• Primary Alabama References: AL Rule 1.9(a)
  • Background References: ABA Model Rule 1.9(a), Other Jurisdictions
  • Commentary: ABA/BNA § 51:201, ALI-LGL § 132, Wolfram § 7.4
  • Alabama Commentary:

1.9:210   "Substantial Relationship" Test

In Ex Parte Central States Health and Life Co. of Omaha, 594 So.2d 80 (Ala. 1992), the Court addressed ARPC Rule 1.9 and the representation of a party in a "substantially related matter" to a former client. The lawyer had served as a local counsel in defense of Central States in a bad faith lawsuit. The lawyer had minimal involvement in the defense of Central States and the case was soon settled without the attorney's knowledge. Within a year an attorney in the same firm was asked to join as co-counsel in litigating a case against Central States for breach of contract and bad faith. Central States moved to have the attorney disqualified based on conflict of interest. The Court held that the two cases were not substantially related to each other, but even if they were, the firm's involvement in the first case was so minimal that no information was acquired which could now be used against Central States. Therefore, the Court held there was no conflict of interest involving the former representation of Central States.

Ethics Opinion RO-91-42 addressed ARPC Rule 1.9(a) and the representation of a client adverse to a former client. The opinion explained that in order to be in violation of ARPC Rule 1.9, the representation must be "in the same or a substantially related matter in which that person's interests are materially adverse to the interest of the former client." An attorney had previously represented a client in a worker's compensation claim. Years later the former client's children were involved in an automobile accident and the former client sued on behalf of her children. The attorney sought advice from the General Counsel as to whether representing the driver, the owner and the employer of the driver of the vehicle which collided with the minor children would be an ethical violation. The General Counsel stated that there appeared to be no legal relationship between the former client's worker's compensation representation ten years before and the present case. Therefore, the opinion stated that the two matters were not "substantially related" and that there would not be a conflict of interest as long as the attorney did not use any confidential information violating the original representation.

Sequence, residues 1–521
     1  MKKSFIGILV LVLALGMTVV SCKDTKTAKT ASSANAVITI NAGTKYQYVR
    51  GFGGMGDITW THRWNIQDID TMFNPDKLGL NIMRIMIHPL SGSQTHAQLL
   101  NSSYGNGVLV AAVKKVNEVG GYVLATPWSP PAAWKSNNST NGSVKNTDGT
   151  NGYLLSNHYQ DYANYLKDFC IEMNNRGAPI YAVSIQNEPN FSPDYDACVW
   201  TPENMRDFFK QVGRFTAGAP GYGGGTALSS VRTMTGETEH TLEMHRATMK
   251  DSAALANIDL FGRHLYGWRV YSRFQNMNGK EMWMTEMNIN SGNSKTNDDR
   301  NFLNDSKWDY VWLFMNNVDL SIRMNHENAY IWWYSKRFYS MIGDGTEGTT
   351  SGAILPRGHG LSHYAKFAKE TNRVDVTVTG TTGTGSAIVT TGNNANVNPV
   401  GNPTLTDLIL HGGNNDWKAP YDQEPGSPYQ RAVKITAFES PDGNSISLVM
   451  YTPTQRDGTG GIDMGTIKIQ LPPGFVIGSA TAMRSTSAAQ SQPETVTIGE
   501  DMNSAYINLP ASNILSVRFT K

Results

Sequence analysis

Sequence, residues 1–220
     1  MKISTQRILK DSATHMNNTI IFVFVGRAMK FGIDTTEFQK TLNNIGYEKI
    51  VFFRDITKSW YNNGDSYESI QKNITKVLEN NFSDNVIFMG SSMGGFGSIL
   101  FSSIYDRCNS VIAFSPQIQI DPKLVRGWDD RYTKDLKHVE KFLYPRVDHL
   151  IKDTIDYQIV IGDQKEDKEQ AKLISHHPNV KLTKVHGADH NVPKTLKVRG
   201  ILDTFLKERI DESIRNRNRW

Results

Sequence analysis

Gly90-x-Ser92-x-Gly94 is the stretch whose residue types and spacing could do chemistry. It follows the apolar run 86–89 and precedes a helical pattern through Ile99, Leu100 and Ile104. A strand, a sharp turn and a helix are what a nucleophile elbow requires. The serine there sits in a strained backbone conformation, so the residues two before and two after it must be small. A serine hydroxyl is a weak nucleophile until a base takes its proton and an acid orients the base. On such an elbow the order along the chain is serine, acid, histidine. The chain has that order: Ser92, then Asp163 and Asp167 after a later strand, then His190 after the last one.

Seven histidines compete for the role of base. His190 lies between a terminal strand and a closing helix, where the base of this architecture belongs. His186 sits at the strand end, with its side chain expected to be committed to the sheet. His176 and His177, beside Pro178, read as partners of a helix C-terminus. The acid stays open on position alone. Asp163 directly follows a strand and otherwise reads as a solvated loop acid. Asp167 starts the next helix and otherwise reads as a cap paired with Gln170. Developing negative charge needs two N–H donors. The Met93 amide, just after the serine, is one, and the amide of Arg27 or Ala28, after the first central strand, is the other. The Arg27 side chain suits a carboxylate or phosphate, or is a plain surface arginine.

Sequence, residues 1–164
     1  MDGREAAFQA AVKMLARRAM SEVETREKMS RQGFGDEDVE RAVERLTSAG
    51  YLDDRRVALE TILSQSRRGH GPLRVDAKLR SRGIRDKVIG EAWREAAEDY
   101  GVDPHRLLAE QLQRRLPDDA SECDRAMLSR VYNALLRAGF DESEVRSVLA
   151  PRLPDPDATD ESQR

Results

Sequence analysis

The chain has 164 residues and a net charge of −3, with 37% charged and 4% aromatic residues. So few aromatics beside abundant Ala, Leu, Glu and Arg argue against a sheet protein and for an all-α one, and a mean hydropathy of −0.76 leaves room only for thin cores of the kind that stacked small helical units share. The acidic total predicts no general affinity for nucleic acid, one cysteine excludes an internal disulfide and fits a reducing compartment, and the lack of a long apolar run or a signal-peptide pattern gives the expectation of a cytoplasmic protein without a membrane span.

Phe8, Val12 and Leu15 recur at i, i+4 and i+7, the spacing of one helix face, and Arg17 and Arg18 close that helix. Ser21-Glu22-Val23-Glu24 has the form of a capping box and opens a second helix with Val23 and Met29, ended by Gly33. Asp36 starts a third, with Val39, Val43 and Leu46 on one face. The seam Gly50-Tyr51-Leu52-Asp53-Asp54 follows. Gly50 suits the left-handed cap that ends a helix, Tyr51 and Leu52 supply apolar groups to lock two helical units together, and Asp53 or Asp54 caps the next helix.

1.9:220   Material Adversity of Interest

In Ex parte Tegner, 675 So.2d 514 (Ala.Crim.App. 1995), an attorney was appointed to represent a defendant charged with murder. The attorney previously had represented the only eye witness to the murder in a DUI charge. The Court held that, in the absence of consent from both the defendant and the eye witness, Rule 1.9 was violated.

1.9:230   Relevance of "Appearance of Impropriety" Standard [see also 1.7:230]


1.9:300 Client of Lawyer's Former Firm

  • Primary Alabama References: AL Rule 1.9(b)
  • Background References: ABA Model Rule 1.9(b), Other Jurisdictions
  • Commentary: ABA/BNA § 51:2001, ALI-LGL §§ 123, 124, 133, Wolfram § 7.6
  • Alabama Commentary:

1.9:310   Removing Imputed Conflict of Migratory Lawyer

See Section 1.9:101.

1.9:320   Former Government Lawyer or Officer [see 1.11:200]

See Section 1.11.

1.9:400 Use or Disclosure of Former Client's Confidences

  • Primary Alabama References: AL Rule 1.9(c)
  • Background References: ABA Model Rule 1.9(c), Other Jurisdictions
  • Commentary: ABA/BNA § 55:501-55:2001, ALI-LGL § 132, Wolfram §§ 6.7 and 7.4
  • Alabama Commentary:

See Section 1.9:101.